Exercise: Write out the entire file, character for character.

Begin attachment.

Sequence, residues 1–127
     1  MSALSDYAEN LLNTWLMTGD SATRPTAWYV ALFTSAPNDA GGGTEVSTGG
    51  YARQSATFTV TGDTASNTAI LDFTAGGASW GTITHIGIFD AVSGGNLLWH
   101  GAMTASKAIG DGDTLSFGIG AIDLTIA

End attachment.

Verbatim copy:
Sequence, residues 1–127
     1  MSALSDYAEN LLNTWLMTGD SATRPTAWYV ALFTSAPNDA GGGTEVSTGG
    51  YARQSATFTV TGDTASNTAI LDFTAGGASW GTITHIGIFD AVSGGNLLWH
   101  GAMTASKAIG DGDTLSFGIG AIDLTIA